Event tracking in Google Analytics 4 is simple for some events and more complicated for others. Let’s start with the first category, where in a few steps, you can set up events inside the interface of GA4.

Create Events in Google Analytics 4

There is an “Events” section located under the Admin tab. From this section, there is a “create event” button. This is where you input the event that you wish to track ( Configure>Events>Create Event ). This process has a very similar approach to goal tracking based on a specific destination in Universal Analytics.

Goal Setup Universal Analytics - Data Bloo

In order to create a new event in GA4 you should do the following actions:

  1. Add your Event Name
  2. Add the trigger for the event – use an existing event i.e. page_view and the destination page
  3. Set specific parameters – in case you want to send a separate value
Create Event GA4 - Data Bloo

If necessary, you can quickly modify these events that you no longer wish to track. By viewing the existing events page and selecting an event, you can view the details of this event and change its parameters or edit or even delete it altogether.

Create Events via Google Tag Manager

The second category of custom (or recommended) events requires some extra effort in Google Tag (depending on how complicated is the configuration of each event). Let’s take for example the setup of the GA4 purchase event (transaction). Below you will find the required actions (WooCommerce):

  1. Create the variables
GA4 Purchase Event Variable - Data Bloo
  1. Create a trigger
GA4 Purchase Event Trigger - Data Bloo
  1. Create a tag
GA4 Purchase Event Tag - Data Bloo

Understanding the GA4 Events You Tracked

After setting up the events you wish to track, you are then able to see the data that is being collected. While this is seen in Google Analytics 4 under the standard reports (Engagement>Events), it helps to have a more detailed analytics report with drill-down capabilities as you used to have in Universal Analytics.

GA4 Events Report - Data Bloo

In this report, you see the number of events that have taken place over a period of time. This can be further broken down by the most popular events.

Data such as event count, event value, avg. event value and event per session/user are found in the report as well. Pages can be broken down into specific parts that provide the details of how each of those pages has been operating.

These reports will also give a filter functionality so you can easily find the specific event or set of events (i.e. all e-commerce events) you are looking for. By using the filters at the top you can further analyze your data based on key dimensions like country, device, user type, and marketing channel. These reports provide valuable insight into your business and help you to understand your customers’ interactions better.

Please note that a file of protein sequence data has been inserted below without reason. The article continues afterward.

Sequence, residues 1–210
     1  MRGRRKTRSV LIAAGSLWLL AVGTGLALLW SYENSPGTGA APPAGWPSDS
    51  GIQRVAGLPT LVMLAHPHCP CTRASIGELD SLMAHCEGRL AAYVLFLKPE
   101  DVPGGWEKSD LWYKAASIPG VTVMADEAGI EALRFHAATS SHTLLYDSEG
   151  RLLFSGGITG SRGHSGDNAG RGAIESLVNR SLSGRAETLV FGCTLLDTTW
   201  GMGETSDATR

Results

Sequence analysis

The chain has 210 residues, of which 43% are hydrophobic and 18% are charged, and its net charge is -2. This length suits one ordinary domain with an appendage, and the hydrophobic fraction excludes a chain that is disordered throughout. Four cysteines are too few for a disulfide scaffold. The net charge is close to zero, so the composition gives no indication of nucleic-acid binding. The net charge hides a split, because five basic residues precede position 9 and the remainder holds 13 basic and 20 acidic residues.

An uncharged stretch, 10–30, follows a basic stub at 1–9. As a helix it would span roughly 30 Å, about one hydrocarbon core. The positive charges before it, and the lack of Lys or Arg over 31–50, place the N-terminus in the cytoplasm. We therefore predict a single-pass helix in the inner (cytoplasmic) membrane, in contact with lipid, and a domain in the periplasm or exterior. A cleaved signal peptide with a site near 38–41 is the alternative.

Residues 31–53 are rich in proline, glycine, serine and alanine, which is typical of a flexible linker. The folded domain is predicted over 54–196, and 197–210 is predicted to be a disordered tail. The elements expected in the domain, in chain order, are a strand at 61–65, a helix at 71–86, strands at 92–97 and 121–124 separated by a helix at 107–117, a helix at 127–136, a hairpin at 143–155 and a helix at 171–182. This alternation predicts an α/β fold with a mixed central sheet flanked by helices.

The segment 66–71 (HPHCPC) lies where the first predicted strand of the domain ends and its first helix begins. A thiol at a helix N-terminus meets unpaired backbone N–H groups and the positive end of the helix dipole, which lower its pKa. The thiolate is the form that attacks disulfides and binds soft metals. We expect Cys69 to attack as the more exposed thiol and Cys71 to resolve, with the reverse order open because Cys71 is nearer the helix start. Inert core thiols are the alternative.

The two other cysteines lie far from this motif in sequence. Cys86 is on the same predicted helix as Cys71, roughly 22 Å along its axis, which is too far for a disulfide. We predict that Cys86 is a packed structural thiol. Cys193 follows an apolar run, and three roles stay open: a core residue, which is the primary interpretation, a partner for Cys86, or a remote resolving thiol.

3 Tips for Using GA4 Event Tracking

There are various things that you can do to help better understand the data received from GA4 events. These useful tricks will make your experience with GA4 positive.

The first trick is that you can create new events in the GA4 interface without any backend work on Google Tag Manager. This is a great improvement of GA4 vs Universal Analytics, as it allows users to easily set up new events in seconds. However, have in mind that the creation of the events in the GA4 interface is limited as it should be based only on existing events.

The second trick is to use what is provided by the new version of Google Analytics. GA4 event tracking has multiple pre-configured events that are easily added alongside the unique events that have already been created. Utilizing these types of events saves time and energy and is one less thing to worry about.

The third, and the probably most important, trick is having an analytics report. This is a fantastic way to visualize the data and compile that information.

This is a resource that will aid in informing business decisions and ultimately expand the company. There are multiple templates to choose from that fit any business. With GA4, this is a valuable asset to understanding the gathered information.

Get Started with Your Event Tracking

Google Analytics 4 event tracking system improves the way in which you collect user data that helps better understand the interactions people have with your business. This is valuable information that will assist in better understanding markets and how the company is operating online.

Easily transition to GA4 and get substantial reports on the acquired data that you need.